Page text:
Noise fears

Some of our pets display fear and anxiety responses to loud, unusual noises such as fireworks or gunshots and this can be stressful for us too. Identifying the triggers, recognizing the signs and looking for the best solution for your pet are the goals of this article.

We all have the welfare of our pets at heart and want to make sure that they live the best life possible. 

Some of the common behavioural pet responses to loud, unusual noises: 

  • Panting/Drooling/Vomiting
  • Hiding/Pacing/Cowering (lowered body posture)
  • Shaking/Trembling
  • Barking
  • Escape attempts
  • Chewing/Digging
  • Seeking familiar people

Some techniques we can use to manage the fear:

Environmental elements

  • Identify a “safe place” that your pet likes to go to. This space should always be accessible, particularly if you are absent. This safe place can be anywhere, a cupboard or a covered crate, garage or even a carboard box etc, this place would ideally have no windows but artificial light to  help to mask the flashes of fireworks or lightning. A dark room with many furnishings can also help to absorb sound.
  • Playing classical music or TV noise will help to mask the noises that scare your pet
  • Pheromone collars/Diffusers such as Feliway or Adaptil. The spray for instance can be spayed inside the den or on a bandana/scarf and put around the dogs neck.

Physical elements

  • “Thunder shirts” or anxiety wraps (Tellington Touch). Some pets benefit from wearing a close fitting, clothing item (even a tight fitting T-shirt can work) during the scary event. These should be tested before the event to determine if they cause the pet to “freeze”. If this is the case, it will not be appropriate to use this option as it will not reduce anxiety.
  • Ear plugs can also be trialled.

Behaviour modification elements

  • Using counter-conditioning ie associating the scary noise with something enjoyable ie playing or interaction with the guardian, helps with less severe cases.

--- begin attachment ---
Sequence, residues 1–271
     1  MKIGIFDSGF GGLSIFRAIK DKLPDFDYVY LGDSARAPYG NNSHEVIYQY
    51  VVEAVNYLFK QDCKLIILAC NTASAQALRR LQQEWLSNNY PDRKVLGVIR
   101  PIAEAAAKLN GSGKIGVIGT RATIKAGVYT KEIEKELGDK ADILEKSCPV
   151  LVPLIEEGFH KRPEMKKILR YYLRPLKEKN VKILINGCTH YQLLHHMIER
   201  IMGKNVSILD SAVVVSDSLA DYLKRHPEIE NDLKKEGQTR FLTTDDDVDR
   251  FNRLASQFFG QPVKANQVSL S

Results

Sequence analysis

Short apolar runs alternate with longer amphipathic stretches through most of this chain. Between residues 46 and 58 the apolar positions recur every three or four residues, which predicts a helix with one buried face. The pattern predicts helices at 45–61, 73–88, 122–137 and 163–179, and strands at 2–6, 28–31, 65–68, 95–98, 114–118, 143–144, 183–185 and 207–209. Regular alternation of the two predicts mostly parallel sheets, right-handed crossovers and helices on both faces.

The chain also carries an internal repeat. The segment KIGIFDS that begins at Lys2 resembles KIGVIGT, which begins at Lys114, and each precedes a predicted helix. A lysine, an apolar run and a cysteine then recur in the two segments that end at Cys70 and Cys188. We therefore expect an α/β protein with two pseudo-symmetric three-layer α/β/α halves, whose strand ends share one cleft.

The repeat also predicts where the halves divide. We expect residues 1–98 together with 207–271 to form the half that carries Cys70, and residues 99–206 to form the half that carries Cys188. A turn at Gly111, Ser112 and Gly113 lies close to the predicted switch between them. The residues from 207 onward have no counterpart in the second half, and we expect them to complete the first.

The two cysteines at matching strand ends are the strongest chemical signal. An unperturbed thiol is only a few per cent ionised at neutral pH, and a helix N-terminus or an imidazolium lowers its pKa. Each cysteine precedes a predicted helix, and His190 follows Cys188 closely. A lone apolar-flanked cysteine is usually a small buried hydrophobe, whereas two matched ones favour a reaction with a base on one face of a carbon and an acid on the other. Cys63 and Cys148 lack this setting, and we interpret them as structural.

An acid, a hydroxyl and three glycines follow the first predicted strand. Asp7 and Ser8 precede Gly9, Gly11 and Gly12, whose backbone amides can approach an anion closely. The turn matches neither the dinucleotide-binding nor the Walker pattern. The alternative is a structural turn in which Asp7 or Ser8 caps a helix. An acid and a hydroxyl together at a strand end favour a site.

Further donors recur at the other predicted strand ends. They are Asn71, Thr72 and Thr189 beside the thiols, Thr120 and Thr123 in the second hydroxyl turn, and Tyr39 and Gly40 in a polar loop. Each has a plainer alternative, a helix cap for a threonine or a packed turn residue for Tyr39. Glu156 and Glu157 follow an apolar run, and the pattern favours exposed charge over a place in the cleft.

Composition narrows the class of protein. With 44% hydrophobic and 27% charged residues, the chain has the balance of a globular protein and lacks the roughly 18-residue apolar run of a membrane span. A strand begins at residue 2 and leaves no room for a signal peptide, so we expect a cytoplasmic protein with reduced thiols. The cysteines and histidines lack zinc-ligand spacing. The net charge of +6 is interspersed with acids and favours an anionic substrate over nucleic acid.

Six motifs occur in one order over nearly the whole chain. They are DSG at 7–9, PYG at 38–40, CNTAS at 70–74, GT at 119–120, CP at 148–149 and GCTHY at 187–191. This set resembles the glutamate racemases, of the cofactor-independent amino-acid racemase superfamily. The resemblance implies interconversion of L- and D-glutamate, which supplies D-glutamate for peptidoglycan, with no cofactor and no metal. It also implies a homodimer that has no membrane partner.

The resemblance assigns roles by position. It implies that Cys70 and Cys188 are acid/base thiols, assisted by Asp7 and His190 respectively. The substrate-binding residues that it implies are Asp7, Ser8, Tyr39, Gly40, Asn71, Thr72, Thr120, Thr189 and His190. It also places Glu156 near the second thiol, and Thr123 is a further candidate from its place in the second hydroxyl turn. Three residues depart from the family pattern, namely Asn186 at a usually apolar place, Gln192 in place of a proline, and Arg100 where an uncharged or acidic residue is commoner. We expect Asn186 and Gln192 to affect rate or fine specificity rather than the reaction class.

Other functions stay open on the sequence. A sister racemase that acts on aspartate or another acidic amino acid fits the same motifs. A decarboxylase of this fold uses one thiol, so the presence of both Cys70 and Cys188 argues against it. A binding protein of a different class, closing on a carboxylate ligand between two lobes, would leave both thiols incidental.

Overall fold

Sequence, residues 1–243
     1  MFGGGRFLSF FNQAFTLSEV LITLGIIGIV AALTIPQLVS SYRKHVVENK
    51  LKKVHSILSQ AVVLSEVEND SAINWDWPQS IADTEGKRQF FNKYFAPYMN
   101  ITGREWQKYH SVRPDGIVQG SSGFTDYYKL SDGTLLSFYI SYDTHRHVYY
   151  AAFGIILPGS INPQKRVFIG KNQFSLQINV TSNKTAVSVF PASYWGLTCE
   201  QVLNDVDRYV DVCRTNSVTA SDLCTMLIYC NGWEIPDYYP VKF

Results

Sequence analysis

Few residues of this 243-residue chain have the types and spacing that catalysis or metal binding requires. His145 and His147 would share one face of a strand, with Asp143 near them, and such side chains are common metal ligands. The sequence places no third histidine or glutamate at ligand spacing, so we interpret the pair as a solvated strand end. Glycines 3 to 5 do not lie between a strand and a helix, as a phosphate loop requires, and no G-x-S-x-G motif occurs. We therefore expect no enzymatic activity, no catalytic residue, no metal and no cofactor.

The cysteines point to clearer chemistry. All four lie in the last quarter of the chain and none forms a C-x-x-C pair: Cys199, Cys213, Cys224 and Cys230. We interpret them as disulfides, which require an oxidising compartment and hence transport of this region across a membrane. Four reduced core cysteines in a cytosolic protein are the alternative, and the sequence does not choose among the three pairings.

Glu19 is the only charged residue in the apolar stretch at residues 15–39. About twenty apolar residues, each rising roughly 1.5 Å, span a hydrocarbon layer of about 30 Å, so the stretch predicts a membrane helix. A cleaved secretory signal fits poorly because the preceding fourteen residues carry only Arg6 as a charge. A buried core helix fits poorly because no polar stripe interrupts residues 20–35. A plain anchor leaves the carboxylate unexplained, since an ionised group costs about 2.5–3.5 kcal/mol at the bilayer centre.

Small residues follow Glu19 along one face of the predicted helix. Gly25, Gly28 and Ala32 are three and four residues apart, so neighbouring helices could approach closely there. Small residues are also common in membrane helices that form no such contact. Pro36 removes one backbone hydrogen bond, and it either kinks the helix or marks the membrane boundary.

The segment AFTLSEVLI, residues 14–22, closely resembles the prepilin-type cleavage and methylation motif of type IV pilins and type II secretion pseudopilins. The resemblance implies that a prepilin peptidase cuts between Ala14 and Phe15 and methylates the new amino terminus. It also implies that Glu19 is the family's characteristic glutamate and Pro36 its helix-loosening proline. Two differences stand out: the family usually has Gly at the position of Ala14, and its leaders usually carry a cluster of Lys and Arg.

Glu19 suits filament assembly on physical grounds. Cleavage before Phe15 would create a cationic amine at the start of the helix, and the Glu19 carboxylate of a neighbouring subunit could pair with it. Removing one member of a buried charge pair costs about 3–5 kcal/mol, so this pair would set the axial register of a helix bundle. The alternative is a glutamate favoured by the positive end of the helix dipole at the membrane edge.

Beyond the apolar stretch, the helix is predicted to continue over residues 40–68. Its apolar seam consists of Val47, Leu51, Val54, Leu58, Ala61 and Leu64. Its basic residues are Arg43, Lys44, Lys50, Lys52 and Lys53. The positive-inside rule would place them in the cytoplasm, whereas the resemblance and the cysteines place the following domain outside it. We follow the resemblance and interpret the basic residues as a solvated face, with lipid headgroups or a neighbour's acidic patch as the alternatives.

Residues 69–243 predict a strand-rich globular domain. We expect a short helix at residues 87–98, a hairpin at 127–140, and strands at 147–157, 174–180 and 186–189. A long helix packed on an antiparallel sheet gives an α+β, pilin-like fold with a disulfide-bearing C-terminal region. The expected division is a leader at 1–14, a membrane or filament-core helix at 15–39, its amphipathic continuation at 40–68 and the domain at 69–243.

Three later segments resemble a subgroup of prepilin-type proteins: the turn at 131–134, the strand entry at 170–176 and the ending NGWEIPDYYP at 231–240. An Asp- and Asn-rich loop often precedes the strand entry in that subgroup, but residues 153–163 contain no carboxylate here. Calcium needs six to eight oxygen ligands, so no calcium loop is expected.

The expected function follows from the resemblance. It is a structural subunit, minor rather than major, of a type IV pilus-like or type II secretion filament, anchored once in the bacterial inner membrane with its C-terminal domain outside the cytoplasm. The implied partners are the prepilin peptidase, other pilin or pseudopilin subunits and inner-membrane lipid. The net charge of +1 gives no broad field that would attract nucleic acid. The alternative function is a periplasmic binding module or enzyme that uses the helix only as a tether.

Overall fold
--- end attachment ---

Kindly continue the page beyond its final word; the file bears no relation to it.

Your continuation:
• Systematic desensitisation: Desensitisation over time. There are plenty of online resources that can be downloaded. A great product to download are the Sounds Scary sounds which is available HERE. Initially, you play the sounds at a very low level, where it does not bother the pet and this sound level is gradually increased. It is important that this product is used correctly by following the instructions carefully. This is a longer-term process.
  • The guardian can provide neutral support to the anxious pet, please don’t make too much fuss – the pet needs to see that that guardian is calm during the fear inducing event.
  • Any form of punishment is inappropriate. Punishment increases the fear.

Medication Elements

  • Nutraceuticals may be helpful for mild anxiety
    Calmex (L-tryptophan)
  • Pheromone collars/Diffusers such as Feliway or Adaptil. The spray for instance can be spayed inside the den or on a bandana/scarf and put around the dogs neck.
  • Medication for extreme phobias can be helpful. It is best to avoid medications like ACP (Acepromazine) as with this medication your pet will still be aware of the stimuli creating the fear but they cannot take any action, as they are immobilised. This medication can be used as a one off for flight risk pets but will lead to the pet being more fearful if used repeatedly.
  • There are several prescription medications available at Otaki Vets, contact us to discuss your options 

Some important things to remember:

  • Make sure your pet’s microchip or collar identification details are up to date, in case they go missing during one of these scary events
  • Identify noise sensitivity early, don’t wait for it to get better
  • It is never too late to start working on improving

Chat to Otaki vets if you would like help with your noise sensitive pet.